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TPS STATUS: THE EXCEPTION TO THE FORM I-9 PROCESS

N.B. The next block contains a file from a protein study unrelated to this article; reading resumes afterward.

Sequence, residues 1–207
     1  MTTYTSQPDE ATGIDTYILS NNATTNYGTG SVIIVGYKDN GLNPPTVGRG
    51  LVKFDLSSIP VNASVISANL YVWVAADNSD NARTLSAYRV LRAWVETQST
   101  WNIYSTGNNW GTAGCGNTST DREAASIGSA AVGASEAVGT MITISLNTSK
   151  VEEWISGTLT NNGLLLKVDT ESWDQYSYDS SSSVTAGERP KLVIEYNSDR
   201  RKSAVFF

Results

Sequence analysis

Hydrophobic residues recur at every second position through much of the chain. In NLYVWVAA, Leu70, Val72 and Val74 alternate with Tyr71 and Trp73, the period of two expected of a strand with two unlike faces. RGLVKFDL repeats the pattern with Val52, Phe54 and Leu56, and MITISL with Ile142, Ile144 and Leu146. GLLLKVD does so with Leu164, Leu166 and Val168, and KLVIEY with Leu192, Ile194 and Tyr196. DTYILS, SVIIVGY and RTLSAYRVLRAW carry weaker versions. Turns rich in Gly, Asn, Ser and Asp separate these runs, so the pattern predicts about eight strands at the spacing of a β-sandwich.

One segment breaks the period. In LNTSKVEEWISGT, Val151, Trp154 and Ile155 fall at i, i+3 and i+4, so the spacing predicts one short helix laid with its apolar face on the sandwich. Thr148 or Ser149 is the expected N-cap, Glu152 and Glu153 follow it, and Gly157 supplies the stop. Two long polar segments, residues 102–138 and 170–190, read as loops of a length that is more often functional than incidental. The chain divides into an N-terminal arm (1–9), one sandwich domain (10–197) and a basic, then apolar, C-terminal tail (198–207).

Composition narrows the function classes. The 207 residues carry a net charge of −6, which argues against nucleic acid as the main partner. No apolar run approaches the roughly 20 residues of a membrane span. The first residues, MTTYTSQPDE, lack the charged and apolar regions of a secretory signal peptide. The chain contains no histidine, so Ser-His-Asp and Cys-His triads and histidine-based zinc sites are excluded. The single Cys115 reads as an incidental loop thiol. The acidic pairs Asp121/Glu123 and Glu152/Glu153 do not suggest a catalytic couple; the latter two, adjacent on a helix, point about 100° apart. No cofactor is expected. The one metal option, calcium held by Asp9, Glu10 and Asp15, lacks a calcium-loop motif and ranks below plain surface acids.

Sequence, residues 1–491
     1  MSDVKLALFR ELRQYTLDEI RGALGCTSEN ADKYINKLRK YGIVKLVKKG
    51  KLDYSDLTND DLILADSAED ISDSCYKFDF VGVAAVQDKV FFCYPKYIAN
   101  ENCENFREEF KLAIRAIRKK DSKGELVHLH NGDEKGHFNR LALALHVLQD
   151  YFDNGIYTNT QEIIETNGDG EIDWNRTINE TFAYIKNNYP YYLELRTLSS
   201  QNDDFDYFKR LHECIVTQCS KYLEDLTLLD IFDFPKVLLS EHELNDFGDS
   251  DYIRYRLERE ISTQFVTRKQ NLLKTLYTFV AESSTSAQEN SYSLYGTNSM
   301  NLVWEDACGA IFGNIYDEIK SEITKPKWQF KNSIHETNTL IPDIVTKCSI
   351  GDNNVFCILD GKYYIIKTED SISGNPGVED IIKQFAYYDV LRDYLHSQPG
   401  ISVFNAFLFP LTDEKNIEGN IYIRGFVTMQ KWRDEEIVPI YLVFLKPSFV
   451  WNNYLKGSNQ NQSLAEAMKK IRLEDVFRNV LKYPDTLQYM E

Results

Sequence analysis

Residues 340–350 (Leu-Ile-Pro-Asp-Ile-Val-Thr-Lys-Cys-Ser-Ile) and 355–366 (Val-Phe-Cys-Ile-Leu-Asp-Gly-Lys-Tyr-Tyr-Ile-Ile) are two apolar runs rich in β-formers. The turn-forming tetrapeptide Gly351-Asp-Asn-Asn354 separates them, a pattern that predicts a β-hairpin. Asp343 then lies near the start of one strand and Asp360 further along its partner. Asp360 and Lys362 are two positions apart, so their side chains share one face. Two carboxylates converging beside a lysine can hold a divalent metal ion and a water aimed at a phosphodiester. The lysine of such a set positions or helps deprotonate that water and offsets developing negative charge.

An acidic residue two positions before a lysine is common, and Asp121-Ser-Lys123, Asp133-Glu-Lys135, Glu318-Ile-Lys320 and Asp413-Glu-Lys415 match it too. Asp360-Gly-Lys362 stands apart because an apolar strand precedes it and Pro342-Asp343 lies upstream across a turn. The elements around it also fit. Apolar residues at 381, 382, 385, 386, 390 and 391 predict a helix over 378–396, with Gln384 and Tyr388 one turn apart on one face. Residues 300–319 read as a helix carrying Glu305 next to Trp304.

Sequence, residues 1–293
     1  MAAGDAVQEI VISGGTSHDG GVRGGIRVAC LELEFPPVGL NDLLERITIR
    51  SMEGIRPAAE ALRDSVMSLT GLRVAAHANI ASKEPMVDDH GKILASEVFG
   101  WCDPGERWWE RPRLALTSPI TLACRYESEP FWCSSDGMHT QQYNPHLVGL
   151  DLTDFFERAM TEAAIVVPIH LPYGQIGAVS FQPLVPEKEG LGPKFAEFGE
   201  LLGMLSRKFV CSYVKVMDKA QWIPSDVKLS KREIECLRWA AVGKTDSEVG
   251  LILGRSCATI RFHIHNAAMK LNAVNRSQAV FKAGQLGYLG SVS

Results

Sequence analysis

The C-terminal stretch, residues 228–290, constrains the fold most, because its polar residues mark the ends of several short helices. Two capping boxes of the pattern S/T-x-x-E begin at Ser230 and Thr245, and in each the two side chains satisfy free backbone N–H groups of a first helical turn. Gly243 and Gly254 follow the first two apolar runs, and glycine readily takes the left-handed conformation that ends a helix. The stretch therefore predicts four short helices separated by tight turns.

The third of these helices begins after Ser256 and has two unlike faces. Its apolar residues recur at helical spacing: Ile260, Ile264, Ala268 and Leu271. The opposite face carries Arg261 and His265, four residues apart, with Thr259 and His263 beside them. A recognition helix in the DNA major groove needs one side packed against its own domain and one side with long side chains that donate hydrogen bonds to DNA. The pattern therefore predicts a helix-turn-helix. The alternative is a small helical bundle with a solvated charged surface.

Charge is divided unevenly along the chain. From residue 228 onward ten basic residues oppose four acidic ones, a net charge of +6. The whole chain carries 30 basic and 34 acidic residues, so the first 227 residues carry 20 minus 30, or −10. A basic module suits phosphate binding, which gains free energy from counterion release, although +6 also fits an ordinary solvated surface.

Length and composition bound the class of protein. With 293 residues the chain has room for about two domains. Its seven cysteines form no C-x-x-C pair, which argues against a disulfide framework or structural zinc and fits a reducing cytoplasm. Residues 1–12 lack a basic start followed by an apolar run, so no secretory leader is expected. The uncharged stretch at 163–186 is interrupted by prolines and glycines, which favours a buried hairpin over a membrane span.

For employers, Temporary Protected Status (TPS) is one of the exceptions to the Form I-9 process that can have dire consequences. Generally, the reverification process contained in Section 3 of the Form I-9 requires employers to obtain copies of new work authorization documents when a foreign national’s temporary work authorization expires. If the employee cannot provide documentation demonstrating current work authorization, then the employee is supposed to be terminated. However, TPS is the exception to this rule. When an extension of TPS status is announced, USCIS typically announces that the EAD’s of individuals enjoying TPS status are automatically extended as well. Therefore, employers are faced with the situation where the documentation provided to complete the Form I-9 has an expiration date that is no longer valid. The only way the employer would know that the EAD is automatically extended is to check on the United States Citizenship and Immigration Services (USCIS) website, or to have competent counsel inform them when announcements regarding TPS are made. The typical scenario that results from employer Form I-9 decisions regarding individuals in TPS status can have severe consequences for employer. Generally, the employer has a system that notifies HR that an employee’s work authorization is about to expire. The HR manager calls the employee so that the employee can provide new work authorization documentation. However, an employee on TPS status whose EAD is automatically renewed will not have additional documentation other than a press release from USCIS announcing the extension. In this situation overzealous employers often terminate the employee. Terminating the employee in this situation is illegal. In addition to Title VII issues, there are anti-discrimination provisions in the Immigration and Nationality Act. The result of terminating an employee in this situation is that the employee may bring a charge to the Department of Justice (DOJ), who takes these types of complaints very seriously. The DOJ will investigate and demand reinstatement, backpay, and possibly a fine. Litigation may ensue resulting in additional costs to the employer. It is best to avoid this type of situation entirely. If you have any concerns about dealing with TPS status and how it relates to the Form I-9 obligations, consult with knowledgeable counsel. Making the wrong decision can and often does result in penalties which can be substantial if the employer employs numerous individuals in TPS status.


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